1) The Braves came out firing
    Dustin May wasn’t even officially announced as the Dodgers’ starter until around four hours before first pitch. Because he was on two days’ rest, it was a given that his outing would be brief.
    But May’s inability to find the strike zone (he became the first pitcher ever to walk the first two batters of a winner-take-all tilt) limited him to a single inning in which the Braves got on the board with Marcell Ozuna’s RBI single. Atlanta then added to its lead with Dansby Swanson’s solo shot off Tony Gonsolin in the second. 2) Someone finally scored off Ian Anderson
    It happened in the third. After Justin Turner walked Fernando Valenzuela Jersey, Max Muncy doubled to the right-field corner, and Ronald Acu?a Jr. made a great relay throw to keep Turner from scoring. But Will Smith’s ground ball single up the middle scored both runners to tie it at 2. Hitters this postseason had been 0-for-12 previously against Anderson with runners in scoring position. His run of 17 2/3 scoreless innings to begin his postseason career was the third longest in history for a starter, behind only Christy Mathewson (28 innings from 1905-11) and Joe Niekro (18 innings from 1980-81). Not a bad run for a 22-year-old kid with six career regular-season starts.
    “I learned I have what it takes to be up here and contribute to the team,” Anderson said. “I think everyone in that locker room learned something about themselves as the playoffs unfolded and as the season unfolded.” 3) A TOOTBLAN and Turner burned the Braves
    Atlanta regained the lead with Austin Riley’s RBI single in the fourth, but that’s not how Riley’s inning will be remembered.
    Swanson advanced to third and Riley to second on a Blake Treinen wild pitch. But when Nick Markakis grounded to third, Turner fielded it and threw home to get Swanson caught in a rundown that ended with Turner — aloft in the air and parallel to the ground, a la Superman — nicking Swanson with his glove for the first out. And with Riley aggressively trying to advance to third, Turner sagely and athletically leaped and fired to shortstop Corey Seager at third, where Riley was tagged out for the rare 5-2-5-6 double play that changed the course of the game. Not the way the Braves drew it up back in Summer Camp.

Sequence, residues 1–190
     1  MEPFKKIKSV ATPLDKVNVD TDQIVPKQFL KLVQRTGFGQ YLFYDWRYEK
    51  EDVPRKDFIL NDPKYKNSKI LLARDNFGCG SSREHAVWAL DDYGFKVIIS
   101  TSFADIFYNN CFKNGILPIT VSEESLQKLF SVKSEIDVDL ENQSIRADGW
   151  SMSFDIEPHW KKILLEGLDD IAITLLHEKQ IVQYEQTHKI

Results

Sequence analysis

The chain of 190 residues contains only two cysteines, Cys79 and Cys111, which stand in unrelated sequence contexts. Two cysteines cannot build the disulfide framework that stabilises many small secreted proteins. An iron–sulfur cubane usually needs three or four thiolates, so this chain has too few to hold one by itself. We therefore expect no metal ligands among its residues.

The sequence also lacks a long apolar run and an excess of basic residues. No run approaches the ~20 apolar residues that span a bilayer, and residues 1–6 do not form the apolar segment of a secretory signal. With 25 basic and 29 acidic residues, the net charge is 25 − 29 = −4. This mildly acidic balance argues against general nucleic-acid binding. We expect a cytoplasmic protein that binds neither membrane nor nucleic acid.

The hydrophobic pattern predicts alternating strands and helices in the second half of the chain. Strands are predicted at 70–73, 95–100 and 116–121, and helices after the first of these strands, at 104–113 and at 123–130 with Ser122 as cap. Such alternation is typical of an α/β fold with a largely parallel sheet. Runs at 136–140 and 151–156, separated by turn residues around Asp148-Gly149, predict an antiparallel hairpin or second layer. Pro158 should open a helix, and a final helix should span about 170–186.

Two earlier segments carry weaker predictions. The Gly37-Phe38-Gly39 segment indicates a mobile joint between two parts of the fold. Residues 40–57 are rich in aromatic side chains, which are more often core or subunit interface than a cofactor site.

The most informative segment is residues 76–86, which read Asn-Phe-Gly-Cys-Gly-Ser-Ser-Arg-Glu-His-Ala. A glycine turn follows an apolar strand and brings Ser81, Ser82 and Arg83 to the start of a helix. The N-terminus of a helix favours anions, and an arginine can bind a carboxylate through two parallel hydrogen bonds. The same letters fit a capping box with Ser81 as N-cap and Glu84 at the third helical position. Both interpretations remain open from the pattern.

“J.T.’s a baseball-savvy guy, man,” Seager said. “He sees the field so well. What he did right there in that moment was a lot of fun. It was really cool to be a part of.”
    4) Mookie did a Mookie thing
    Another night, another Betts-tacular defensive play.
    In Game 5 on Friday, Mookie Betts made a shoestring catch to spark a key double play. In Game 6 on Saturday, he robbed Ozuna of extra bases with a twisting, full-extension grab against the right-field wall. And in Game 7, after a moment when he appeared to have trouble tracking the ball, he perfectly timed up a Freddie Freeman fly for a home run robbery that prevented Atlanta from taking a 4-2 lead. The Dodgers swapped for and signed Betts to that big extension not just for the way he can change games with his bat but also for his glove. He’s already richly rewarded them: three games, three big runs saved. Which was Betts’ personal favorite?
    “The one [Saturday] was probably the most important,” he said. “We stopped some momentum there, for sure. But I think [Sunday's] is my favorite, since it was probably a home run.”
    So … what did you do with your weekend? 5) Kiké came through
    A brief history of pinch-hit home runs in winner-take-all games in the postseason:
    David Justice, Yankees, Game 5, 2001 ALDS
    Troy O’Leary, Cubs, Game 7, 2003 NLCS
    Chris Heisey, Nationals, Game 5, 2016 NLDS
    That’s it. That’s the list.
    You can add Kiké Hernández to it, after he replaced Joc Pederson and led off the bottom of the sixth against the left-hander A.J. Minter with a game-tying solo shot that capped an intense eight-pitch at-bat. Minter’s three scoreless innings to open Game 5 had been a highlight of this entertaining NLCS, but Hernández was ready for him. And as was the case when he had a three-homer night in the Dodgers’ 2017 NLCS clincher at Wrigley Field, Hernández delivered. “The stakes, I kinda like it,” Hernández said. “It feels cool, it feels good. This is what you dream of as a kid. You don’t just dream of being a big leaguer, you dream about Game 7.”
    6) And Bellinger broke through
    Cody Bellinger’s meme production had been outpacing Bellinger’s run production. He was a fairly quiet 4-for-23 with a homer in the first six games of this series, yet he was a consistent presence on Twitter as folks had some fun with his contemplative countenance.